Harrison press-journal. (Harrison, Nebraska) 1899-1905, December 25, 1902, Image 3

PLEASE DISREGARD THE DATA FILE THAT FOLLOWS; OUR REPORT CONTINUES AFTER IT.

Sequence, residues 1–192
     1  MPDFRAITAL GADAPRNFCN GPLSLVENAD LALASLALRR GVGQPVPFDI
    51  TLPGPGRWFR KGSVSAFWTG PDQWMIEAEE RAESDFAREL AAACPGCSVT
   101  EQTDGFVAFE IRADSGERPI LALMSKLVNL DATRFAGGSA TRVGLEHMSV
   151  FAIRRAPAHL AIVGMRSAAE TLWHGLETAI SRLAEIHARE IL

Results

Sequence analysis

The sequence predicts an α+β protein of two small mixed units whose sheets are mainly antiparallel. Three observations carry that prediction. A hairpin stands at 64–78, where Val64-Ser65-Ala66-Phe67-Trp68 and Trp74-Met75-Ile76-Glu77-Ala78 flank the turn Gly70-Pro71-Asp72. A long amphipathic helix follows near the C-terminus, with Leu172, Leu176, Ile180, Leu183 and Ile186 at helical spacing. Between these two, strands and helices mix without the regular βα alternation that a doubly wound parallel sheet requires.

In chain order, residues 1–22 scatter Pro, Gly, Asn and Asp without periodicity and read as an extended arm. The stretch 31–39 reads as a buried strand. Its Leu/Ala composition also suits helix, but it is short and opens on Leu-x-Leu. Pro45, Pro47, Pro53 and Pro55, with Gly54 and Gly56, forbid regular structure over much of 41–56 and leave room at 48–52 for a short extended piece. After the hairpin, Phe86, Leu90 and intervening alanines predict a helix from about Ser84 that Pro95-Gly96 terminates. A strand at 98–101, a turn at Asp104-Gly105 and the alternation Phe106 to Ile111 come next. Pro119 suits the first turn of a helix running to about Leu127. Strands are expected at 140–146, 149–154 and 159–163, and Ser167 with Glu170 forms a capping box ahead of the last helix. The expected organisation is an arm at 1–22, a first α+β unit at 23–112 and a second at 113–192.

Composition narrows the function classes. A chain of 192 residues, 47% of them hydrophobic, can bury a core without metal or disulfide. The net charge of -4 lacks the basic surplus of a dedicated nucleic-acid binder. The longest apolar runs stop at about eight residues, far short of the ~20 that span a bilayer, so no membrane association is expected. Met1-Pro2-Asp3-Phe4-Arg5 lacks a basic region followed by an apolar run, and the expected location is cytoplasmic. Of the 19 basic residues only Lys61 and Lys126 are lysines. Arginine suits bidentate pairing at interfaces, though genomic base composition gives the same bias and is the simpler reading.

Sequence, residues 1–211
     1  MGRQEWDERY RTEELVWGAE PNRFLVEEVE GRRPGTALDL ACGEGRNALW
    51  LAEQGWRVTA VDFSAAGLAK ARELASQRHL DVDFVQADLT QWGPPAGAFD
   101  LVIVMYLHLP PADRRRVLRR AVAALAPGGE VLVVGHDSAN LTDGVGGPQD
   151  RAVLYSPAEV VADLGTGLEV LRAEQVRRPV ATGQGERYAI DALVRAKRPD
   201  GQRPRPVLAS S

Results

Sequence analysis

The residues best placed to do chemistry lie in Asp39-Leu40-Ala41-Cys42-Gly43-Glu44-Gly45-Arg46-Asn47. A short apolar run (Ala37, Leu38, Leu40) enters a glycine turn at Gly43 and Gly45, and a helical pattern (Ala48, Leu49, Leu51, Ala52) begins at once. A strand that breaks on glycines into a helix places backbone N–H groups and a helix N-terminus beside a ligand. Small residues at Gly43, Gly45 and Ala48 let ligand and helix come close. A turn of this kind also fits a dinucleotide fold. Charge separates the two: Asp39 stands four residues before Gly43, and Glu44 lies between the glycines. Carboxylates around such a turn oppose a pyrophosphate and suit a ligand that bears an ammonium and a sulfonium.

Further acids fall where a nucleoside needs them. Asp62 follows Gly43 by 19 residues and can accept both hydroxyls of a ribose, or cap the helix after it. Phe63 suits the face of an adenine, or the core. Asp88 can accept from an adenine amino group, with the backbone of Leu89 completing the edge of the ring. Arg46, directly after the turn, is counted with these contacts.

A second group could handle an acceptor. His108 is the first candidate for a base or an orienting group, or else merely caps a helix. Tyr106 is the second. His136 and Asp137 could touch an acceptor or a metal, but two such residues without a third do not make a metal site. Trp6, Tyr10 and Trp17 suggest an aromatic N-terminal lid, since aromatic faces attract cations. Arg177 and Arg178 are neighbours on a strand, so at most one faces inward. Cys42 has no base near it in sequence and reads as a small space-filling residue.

HOME OF VETERANS hot sphincs sanitarium to be thing of beauty, OMAHA MAN IS ARCHITECT RADICAL depasture fhom tional ui. es. CONVEN- INNOVATION OF BUILDINGS buikiMea IntercstfJ Alonj With South DekuUMemhrs torcressman Cannoa a tntaS of Ivujett. Uaiiiinyti.il, it'C. 20. Doubtless there are hundreds of did soldiers In Hie west who fed a vital Interest In ti.e it p ,se I saaitaiiuui w.iich Is to be a uait of i,. branch of the soldi t'h home at Hot Springs, S I). Last winter countess made Hti appro pi iat Inn in aid of the project. With the opening of this session Ihe house committee oo appropriations Is con sidering the architect's tentative plans for the various buildings of toe sanitarium, which contemplate a total expenditure .if half a million dollars. These plans were drawn by Thomas R. Kimball of Omaha, whose ability as an architect Is generally recognized. Nebraskans are well ac qualnted with his work at the Oma ha exposition In which he displayed & genius f"r combining architectural conceptions with pia:tlcal Ideas to meet the requirements of the case. The plans of the sanitarium met the unanimous Indorsement of the na tional board for the management of soldier's homes. Hunt. II. E. Pal mer, of Nebraska, a member of the board, submitted tne tlans to 'Uncle J.e" Cannon, chairman of the house committee on apptopriations. slated for speiker of the next house, who did not hisitate to say that lie was favorably Impressed with the unique features of the plans. To have won Uncle Joe's favor so readily within Itself speaks volumes for the adequacy of the architect's scheme. Conventional Ideas of hospital ar chltecture have been lost sight of Id this case, Briefly stated the plan de fines an elght-spoked wheel, the hub of which represents a court or plaza the diameter or which is annuo 200 feet, a colonnade through which the inmates may walk under cover to the various buildings which stand In relation to It as di spokes to the hub of a wheel. Beneath the colonnade Is a subway, affording a conduit for all plumbing, pipes and as a passage way for supplies which are wheeled upon trucks from the sotehouse. In the cenier or the court Is a fountain into which flows the hot mltuval water whose medicinal pp'petles have made famous the hot springs of South Dakota. Standing at the spoke which points toward the city of Hot Sotlngs Is the administration build ing two stories and basement, with archltectuial adornments, furnishing egress and Ingtess to the grounds. Diaiuctilcally "pposlte or upon the oilier side of the court, is the kitch en, storehouse, guardhouse, bath house, etc., which stands, of course, In the rear. Between these two main structures there are thr e hospitals buildings on either side of the wheel each taking the re aHve position or as many spokes Jutting out from the colonnade. Tnese are two story structures having a capacity of over fittv beds each. They are thlrtv feet wide and possibly 100 feet long. A porch runs al mg one side of each. Inclined planes lead from the colon nade Into these hopsltal buildings, easy of ascent, there being no stair way. There are many windows on both sides, aft rding a siipcranun danee of light The svstcm of venti lation is exhaustive and gceti.iuglv perfect, creating const mtly a fresh supply of purr air. In fact, the con triving idea of Ihe architect seems to have been to attain the maximum supply of sunshine and fresh air Up-to-date Ideas of perfect sanitation) down tot he smallest detail nave been goggested. bnoglig to tear fpproved scientific principles, ns an adbmef to the curative pr. p"itlg of Ihe min eral water which abounds, the valur of which was reeogn1.-!! hv the In dians long befoie ti.e white man found lo them a remedy for many Ills Messrs. Martin and Iturke, South Dakota's repreHcniHlve& In the low. er house of congress, are doing itf'ir utmost to gecuie a-i Increase In Ihe appropriation for this great prj'K'. wHh 'air proinl" of success tt the pieser.t session. It is a rnn'ler which is rngiulng Ihn Bt let ton of t he memlM-rs from several western stale for the (pas-m that the completion nf the sanitarium will an Ideal ,ome for disabled veterans all over the mil-west f .r whom there Is to. day no room In government hospitals. Killed to Savo Ml Life. Heading I'a. Icc. 20. -Antonio Tnddal. an Italian, aged sevenlee... who on July '"St shot John Trayer. Edward llartman tn.d Namtiel Silzel, J(,ur,g men who h ad assiultcJ him after having tried to pick a flght with him. wbl e lie plsylng a t, eel P no, and ah I Urea '''' ! iriseourntly died, was Hcqultlel l.i 1 qier loony TartrlMl claimed WSSXL W - siK Um three oieo U b,B 0WB TRAMP Livto IN MaWSIOH 7 WEEKS i He Sir Much, Ate Plenty aal Enjoyed Hlm Self Huiely-OffercS to Work for It. Philadelphia, Dec. 20. During the last seven weeks James Smith, a vagrant, wh was arrainged before Magistrate Kochersperger in the central police court, has lived in more ease and luxury thau has prob aoly ever fallen to the lot of a tramp. While tramping through Ilelfry, Pa., seven weeks ago Smth happened to pass the beautiful old mansion, Lite country residence of Peter Say boldt, a deputy sheriff. mlth bad geu irnny .beautiful. houses in his extensive travels, but the old mansion Impressed him so much that he decided to make it his residence for the winter. He made such elaborate promises of working about the the place to the old woman who was actii.g as care taker to the house that she did not hesitate to admit him. Once inside the house Smith could nut be iuduced tu leave. He selected the choicest room in the rnausion and proceeded to lix It 1 p tu suit himself. The ocd lo his room was not to hi? liking, so he put an extra feather mattress on it. He also increased tne number of pictures In his room by car-ylng a few from other rooms In the house atd hanging them on the walls or his own room. Each day he. ate three meals. On several occasions the tramp tried to iuduce the caretaker of the house to serve bis breakfast to him In his room. Smith continu ally talked about the wor he intend ed doing about the place, but he never did any. Last Sunday Deputy Sheriff Say boldt. accompanied by his daughter aud till sister, took a trip to Belfry to S"e that good care was being taken of the house. The deputy sherill was surprised and grew angrv when he heard of Smith's presence In the house. Although it was late In the afternoon itaiith was still sleeping comfortably In Ms room an I Sayholdt pulled hlru out of lied without any ceremony, sayboicit s nrst inougni was to th'ash the tramp, but he fi nally decided to have him arrested. Smith admitted to Ihe maglsliate that lie bad b-'eu living lu Savboldt's summer residence, and also acknow ledged that ho had stopped In the nouso of correction for three months. The latter place was thought by the magistiate to be tht best for Smith, and be was committed there for six months more. Boers are Coming to Colorado. , Denver, Coin., Dec. 20. Nearly nine thousand!! ers, it is said, are reparlug lo "trek" to America, and will settle In Col iradi. New Mexico and Texas. The representative of tills movement is General Samuel Pearson, late quartermaster general of the South African republic, whose headquarteis are In New York. Colorado frienos of the Doers have been in communication with the gen eral in regard tu suitanle lands for the settlers, and General M. De VII liers, who is now looking over the binds has expressed bim.tclf as very fjvorably impressed with this state The American Offer the Brt. City of Mexico, Dec. 20. The Mx lean government has received offers fioin New Yors: financiers for a gold loan for public works, the govern ment having the authorization of congress to contract such a loau. The govcinmnct is in no hurry, and is paying for the works out of its am pie reserve iunds, and It Is not ex pecteJ to contract the loan until it can do so on tenns which will be satisfactory. The government has received from abroad Intimations that It can secure a gold loan for eitahllshlng a gold basis of currency, but the loan for such a purpose can not be rontrcleil without aulhuriza tlou from congress. Calls President an Enemy. Chelsea, Mass. Dee. 20. "I want a warrant ror President Roosevelt," said Charles 0. While, a well-to-do citizen, today at toe central police station. Addrcs-lng Police Captain Grovcr. White continued: ' Me hired I'nu MiCarthy and John Farey to assault rue thu other day aud I was nssan'ted bf iliem on East ern avenue. K'Osevelt was there in his carriage and encouraged the men while they were sti iking mo." Then the speaker rambled Into a long Hiring of iimplaluls against President Roosevelt and Die coal quetl"ii. The man whs luboilng un der excitement and resisted arrest, lie was overpowered and a loaded re volver and a rxior were found on hi in. He Is held for an cxamluatlon by physicians. Barrlnger Stabheil tit Ceath. St. Louis. D-.i. 20 J. W. Hsrrln gr, Ji. aged 27 years, n civil engi neer In the em ploy id Ihe St. Louis, Memphis St Soul hensturu railroad, as sin obc.l tu dealh by S. M. Mor ton. In thetirari'ts hiil'Hng. Morton, who s u4i a Civil ei glneer, hut at ire n' out of mp rum t. wui arrsted ii d I ik' n to ti e p lice station, lb '" Ii took a dime of poison, from mi cb ue was given relit f at the el y dUpeuaary. J h dead man wa tbd too ofa piomlueut army uOctr. FLEET TO BE HANDY- Dewey Wltnli Striking Distance of Venez uela Not Likely to be Needed. Washington, Dec. 18. Disposition of Admiral Dewey's fleet during the holidays is to be made under the di rection of the secretary of the navy, in view of the increasing complica tions arising In connection with Venezuela, and the wishes of this government not to arouse suspicion unnecessarily by dispatching a large naval force to Venezuela waters. Admiral Dewev cabled toe depart ment in regard to the orders for his fleet during the Christmas holidays. Orders are now In preparation for the various vessels and will be for warded to the admiral in the next day or two. No inflection upon Admiral Dewey is intended by the navy department In deciding to give up the orders fur his snips, Instead of giving him a Tree hand In the matter as It was ex-( ected would tie done That there may be a thorough co-operation of the navy with the state department in the handling or the Venezuelan situa tion, however, It seemed that the question could be more (satisfactorily settled bete, as the navy depart ment is in possession of all the facts regarding the action of the allied powers, and danger of conflicting with the policy of the state depart ment will be averted. ' It is unlikely that men of war will be sent to La Guayra, the feeling .be ing that the presence of American men or war at this time might cuse uneasiness among the allied powers, as well as offer encouragement to President Castro to maintain blffie flant attitude. f On the other hand the sit has grown so acuta within t few days that both state ad., oavy department otlicials are iigre,,ihat it will not be umiss to rendevythe fleet in ports within easy rauge of the Venezuelan coast. Puts Tax on Soft Drinks. Washlntgoo, Dec. 13. Commission er Yerkes of the internal revenue bureau, has rendered a decision in which he rules that druggists and others who sell soda water duoks, claret Soda, or similar beverages to which distill d spirits, wine, or any compounds thereof are added In any quantity, however small, are requir ed to pay special tax for retail liquT dealers under the luteruai revenue laws. . Under the old rulings druggists and others were allowed to add to soda water and other soft drinks and inappreciable quantity of distilled spirits or wines fur flavoring pur poses. The lonncr ruling is levoked to take effect January, 1903. Mistaken For a Burglar. PlatUinoutt:, Neb.. Dec 18. Newi has reached this city of the fag C( death of Henry I'ierson, a former Cus county citizen, winch occurred lc cently i-ear Guthrie, Okla. It ap pears that a burglar had entered bis home and the noise made by the in truder awakened Mr. I'b rsoD, Pro curing a revolver lie pr.,ceeoed to sorcli the house for the burglar. While passing through a room occu pied by a farm hand, the latter, wno. had also heard the noise and thinking Mr. Pin son was the Intrud er, raised Ills revolver and proceeded to make a target out of the crouch ing form of his employer. Owing to Ihe darkness of thu room his am was D'lir. hut one of the bullets lodged In Mr. Plerson's left side. The wound resulted Inhlsdeath tw j weeks later. Awful Act of Insane Man. Lapeer. Mich., Dec. 18 John Dest. nged twenty-eight yeais. 6lnglc, arnsp from his bed during the night hi'e Insane, and cut Jasper Clegg's hea I nearly 'iff with a azor. danger ugly wounded his own mother, wounded nis sister and then shot himself to death. Clegtf, who was sixty years of age, hoarded at the lies', home. Dest was com m It ted to the Insane asylum about a year ago. but six months later was discharged as cured I (est appears to have arisen from his iien and gone first to the leeping room of Clegg. He attacked Clegg with a razor, probably before the old man awoke. The murderer then ev hlently returned to his own room and to bed. At a later hour he again arose and went to the room of his mother He struck Mis. liest a blow with the oaruaged razor. She sprang out of bed. got away fiom the crazy man and made her way to the door. Here she broke away from him and ran lo a neighbor's, where she tele phoned for the sheriff. Returned to the Hospital. Osceola. Net., Den. 18, Sheriff Harfrnan took the train from here for Lincoln Tuesday looming, hav ing in cos ody EH Sainuclson, whom he was Inking to the Insane aslviitn al Lincoln. Mr Snrniielson had hi en In the asylum before and was nls rhHrifd n couple of years ago, cured or at least harm less, but lately he h4 got wnrs sgaln and it was thnitrht that wl'b Ihe treatment he would vet at the asylum It would be itiucb better for him to be taare. ASKS FOR HUSBAND DODGE COUNTY WOMAN PLEADED HOUR WITH THE GOVERNOR. AN HERS A NOVEL ARGUMENT IN A COLLISION A FIREMAN WAS KILLED NEAR TABLE HOCK, FELL ASLEEP IN HIS CAB Severe Winter In Hungary Causine Many Dcalbs Daily and Much Privation. Lincoln, "Neb. Novel and unique was tne story or a uooge couruy woman who called on Governor !Sav- agu luesuay arternoon 10 secure a pardon for her hushaor. Hu had been sentened for hoi stealing and tne arguments were distinctly fern lnjue. "My husband was sent to the pen itentiary along with . They both fct Oe hogs. Mrs. told me her hus band would get out f?dav. She don't need hlui any more than I need my husband and I don't know that I'll go away until jou let him out." This statement of the case she re iterated uver and 0"er again. She he gan to cry. ller sobs were pitiful. For more than E.n hour the crying and presisteut repetition of her re quest continued. Finally the gover nor had formed a plan to get his vis itor out of the Lflice. He called a member of the office force. "Tins man will take care of your case," lie said. "He knows that the other man hasn't been let out." More discussion followed. Finally the woman was assured that swine poacher No. 2 had not been released. Then she stopped. ".She ain't got any more rights to her husband than I have to mine." she declared as she was leaving the otllee. Inquiry brought out the informa tion that the woman had been mis informed. When she heard of the pardon of the accomplice of her hus band she went directly to the capi tol. No petlti'jn had been Died and she entered the office of the governoi without notice This is but one of the long string of applications that awaits the action of the governor. Some of Hi em an nure.lv Informal, but the many re quests have been modeled in accord ance with the statutes. Gray-haired and bent with age. a mother called on Governor Savage. Her son was sick. He would surely die if kept in prison any longer. "He Isn't sick," responded tin governor. "I have takeu the troubli to visit him. I have had him ex amined by doctors ne Isn't even honest in his application. I cannoi do anvthing for him." This statement aroused her indig nation. "That boy" had alway been good. "They swore to lies' when they nut him there. lie was sick and he would die. In the mean l ime a convict was Industriously rub bing his limbs aud pretending to be rheumatic. Fireman Killed In a Wreck. Table Hock, Neb. Fireman Mir icll was killed in a wreck on the Southern division of the liurllngton Tuesday night at Table Koek. The ancldent occurred at 8:30 o'clock. Freight trains No. 22 and No. 22(i. In th extras, met in a "head on" collision on the main track In tin rallmaa yards, the engines of both trains being badly damaged; little injury was sustained by Ihe freight can. According to the Durllngt' n officials in Lincoln the indication.--that the wreck was caused by one of - the engineers, being asleep, although fuilhir Investigation ma) disprove this belief. As Table ltock Is on tho southern division onU meager reports were lecelved at tin Lincoln headquarters. An Investi gation will follow as soou as the Da lies concerned can be bruught tefore the superintendent It is said that Moircll the mae who was killed, claimed Table Rock as his homo. When in Lincoln he boarded at the Arlington hotel. Foodstuffs Held the derms. Han Francisco, Deo. 19. Advices received from Honolulu show thai Investigation proves that foodstuff shipped to Honolulu from Japan and China and San Francisco are lespi n si de for the cases of plague recently ap earing there, Chief Five Crows Is Dead, Pendleton. Ore., Dec. 19. Five Crows,a noted Umatilla Indian chief has been found dead near Athena, It Is supposed that while tnloxi cated he fell off his pony and fioze hi death. He was seventy .tears ol.t ind distinguished himself in the i lan nock war of 1878 by killing th famous lidlan Chief Kgan, of th nako Indiana. He heiiaied Egan ii to the hands nf the Umallllas, who vsre friendly to the white FUEL REMAINS SHORT. Operators Hold Out No Hope for Relief This winter. Surplus Exhausted. Philadelphia. Pa., Dec. 19. Offici als of the Heading railway company hold out no hope for relief in the an thracite coal stringency this winter despite the leports of the company to mine and ship tu its full capacity. "Under normal conditions,-' said one of ihe officials, "the anthracite production is nevei equal to the de mand duringthe winter months and the Heading and all the other an thiacite c mpanie8 have been obliged to draw upi n the stock at various storage points to help out the de mands of the trade7 ' 'i'liis year there is not a pound of coal at any of these storage points and consumers are dependent entire ly upon the daily output of the mines The big dealers in New England, who usually have in stock at thisi se;iS m of the year from 50,000 to 100,-1 duo tuns, are dependent entirely udou what is being shipped to them by the various companies. "Practically all the leading com pany's collieries are in operation. The company shipped from the mines during the last two days nearly 1.900 cars of coal. This means a daily pro duction of nearly 60,000 tons." It is stated that the Pennsylvania railn.ad has 3 000 of the Beading company's coal cars on its tracks in the western part of the state as well as 2 500 belonging to the Central Railway of New Jersey, and these; are urgently needed in the anthracite trade. Their non-delivery, it is claimed, is causing much delay in the shipment of anthracite to points west of Harrisburg. Readiiig company officials decline to discuss the question as to whether the advance of 50 cents a ton ma3e in October would hold good during 1003, but they admit that it will cer tainly rule beyond January 1, 1903, the date fixed by Mr Baer for a re duction tc the old rate. An operati r, who attended the meeting nf the operators in New York stated that the advance would be retained during all next year. Washington, Dec. 19. A material increase in the number of cases of pneumonia and severe colds among the people of this city is attributed by physicians to the coal famine. They say that In most of the houses they visit only a few of t he rooms arei neatcd,and even many well to do res- Idents have abandoned their fur oaces. i Tne nrice of hard coal from the independent operators today was! 1 12 a tun. Soft coal it retail brought! $8 a ton and many of the dealers are unable to furnish even small lots to regular customers. Bridgeport, Conn., De,c. 19. At a' secret meeting here today of the Re tail Co'il Dealers association of New England plans for protecting the members were discussed. The secretary, G W. Sears of Ar lington, Mass , said: "We are discussing plans to protect Ihe legitimate dealers against the encroachment of companies and men who propose to sell coal direct from the railroad cars. We, with expensive plants, cannot compete with them. Our association starts from Chicago aud takes in the entire east We propose, to notify members of the as sociation of sales to companies doing business from cars ditect and they will be guided accordingly. It is a move for protection pure an simple " Case Proceeds to Trial, St. Louis, Dec. 9. Judge Ryan, before whom Delegates Sheridan, Denny, Albright, Dersch and Gutke are being tried on the charge of bribery, today overruled the demufref of the defense to the Joint informa tion. The trial then proceeded with i he testimony of J. K. Murrell. also indicted on the charge of bribery, who turned state's evidence and told about the suburban franchise deal Muriel's testimony was a recapitu lation of the well known story of the deposit box and Ihe $75 Otio which he his related at the other hearings. The testimony of Philip Stock, leg islative agent, was eon lined to the sHtne sub 'ct and they did not vary irorn the glory lie has r lated hereto lore. He counted the S75.0O0 In court After neatly every question a-iked the deiense object i d and when i he oojeci Ion was overruled an ex ception was taken. An Iowa Man Found Dead. Boise, Idaho, Dec. 19 The body of a man believed to tie either Eatl ittlle or Andiew Hlttlo of Cedar Itaplds. Iowa, was found near Moon lain lloute, Idaho. The man is sup p sed to have been dead seveuil months In his po k"t was a rail way ticket fioin Cedar Dapid lo I' inland, Ore , and a purse contain ing $i!H) . Th" P'tise bears the name if Andiew Hittle. Progress of Cable 5h'p. San Francisco. Dec. 19 The Assn. dated press has received tho follow ing cablegram from Its correspondent on boa id the riibli ship Slivertown dated at noon today. "Position at no n today, latitude 23 14 north: longjtudQ 133 3D west Since noon yesterday 2u7 knots ii'ile, have laid, making the totn I ild 0H2 knots. The weather la gooi. nd lie ship's speed eight kootl. Nebraska Notes Fremont Is to have a new demo cratic paper January 1st. Fire did $100 damage to Dr F. A. Bryant's drug store at Norfolk. The four men who robbed Tlayden Bros., at Grand Island were captured at Kearney. The Anderson Mercantile company of Neligh lost $10,000 worth of good in a fire. They bad but $2,000 insur ance. G. A. Baxter, the aged Grand Is land negro, who smothered his child piead-giulty and threw. himself upon the mercy of the court. He was giv en ten years in the penitentiary. The eight children of the lata. Thomas 'Campbell of Waco, have been noticed that they have fallen heir to an estate of $8,000 in Pitts burg, Pa., by the death of an uncle. Henry Pierson, formerly of Platts mouth met a tragic death at Guth rie, Okla. He aud his farm band were searching for a burglar when the later took Mr. Pierson for the intruder and shot him. Mrs. Barton, accused of murdering, her father-in-law at Sheridan, Wyn.r has been released on $2,000 bail, pend ing her trial in February. Mrs. Bai ton was formerly Miss Agatha Stull of Plattsmcutb. The Farmers' Grain, and Elevator company of Virginia has purchased property near the rigbt-of-way of the Missouri acitic road at Beatrice and will comtuense the erection of an ele vator of 8.000 bushels capacity at once. The Dempster Mill Manufacturing company of Beatrice which employ about 400 men, has closed down for the annual invoicing season, during which time only fifty men will be' employed in the offices. The plant will resume operations January 5. Grief over the loss of bis wife is thought to be responsible for the suicide of William Kilkemeier ot Hloornfield, who was found dead in his ba;n He had banged himself to a rafter in a uarn. He was wealthy and several children survive. Fire broke out in tb3 boiler room of the Young Men's Christian asso ciation building at Lincoln, and fir a time threatened the building. Tn firemen succeeded in coulioii.g the tire t'j the double floor separaciug th gymnasium and the boiler room. The water supply of Nebraska Ultyv which had been cut. iff by a cbango in the chacuel of the river is now! fully restored, The water works company contemplates putting in permanent improvements so thai there will be no danger of a repeti tion of a water famine. Railsback Bror. opened tbelr new elevator at Ashland. It Is one of tbe largest elevators in the state and bas been built after twenty years of con tinuous business in Ashland. The building is seventy-five feet bigb and has a capacity in Its twenty-one bins of 80,000 bjshels of grain. To further the advancement of art, hold exhibitions encourage ferfc in the public schools, purchase pic tures and statues for a permanent art gallery and to give lectuies on the subject, the Nebraska Art associ ation of Lincoln, has been Incorpo rated with a capital stuck of $1,000, While Joseph IJostetter was going to his home on the QUtsKi'ts of Har vard, be vvas taken with a heq orrhage of the lungs, lie was seen to fall by some of bis frienos, who. carried him to the home of Mr Gray where he died in a few moments. He leaves cne sister living In Svlts erland. The Rev. Parker bas sued Gage county for 20 per cent of the Ones Imposed as the result of recent clos ing of illegal saloons In Wymote. The tines aggregate $2.'0 aud the statutes provide for the Z0 per cent allowance to thosR who are chiefly instrumental In closing the banooms that bave do authority to he kept open. Inmates in the 'Soldiers' and Sail ors' homes at Grand Island and Mil ford are satisfied and in bai mony with the officers, accoiding to a repirt just made to he gov rnor by John Ueese, president if tho boa'd. Dur ing tbe year Hie men in the (Stand Island home have increased from 341 to 41'). Cheap clothing had tube pur chased for the veterans owlog to lbs limited appropriation. At Mllford I0ii Inmates were found to be exist Ing satisfactorily on an appropriation mado for sixty-eight. The Mliford home needs a hospital, as the build in erected fur that purpose can nut be used. The attendance has decreased to si tne German Baptist church at Omans where the lialie-ltuch. tngeny no cm red that it Is proposed to give us worship ti.ee. The Knights of Pythias order will h"ld a district meeting; at Itestrlc February 4, at whl.-h time tepresen tiitives Irom Wymote, Kalrbmy, LH c'tv, DeWlit, leeiimsih and othei towns wli' attend. Several StaU officers of tho order will slo attest tiie m 'elitig.